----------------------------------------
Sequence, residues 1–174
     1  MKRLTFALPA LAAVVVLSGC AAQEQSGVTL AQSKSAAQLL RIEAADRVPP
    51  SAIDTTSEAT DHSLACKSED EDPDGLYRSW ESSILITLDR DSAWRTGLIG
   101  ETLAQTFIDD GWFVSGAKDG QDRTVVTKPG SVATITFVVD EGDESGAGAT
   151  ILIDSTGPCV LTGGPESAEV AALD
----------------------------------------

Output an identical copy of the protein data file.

Sequence, residues 1–174
     1  MKRLTFALPA LAAVVVLSGC AAQEQSGVTL AQSKSAAQLL RIEAADRVPP
    51  SAIDTTSEAT DHSLACKSED EDPDGLYRSW ESSILITLDR DSAWRTGLIG
   101  ETLAQTFIDD GWFVSGAKDG QDRTVVTKPG SVATITFVVD EGDESGAGAT
   151  ILIDSTGPCV LTGGPESAEV AALD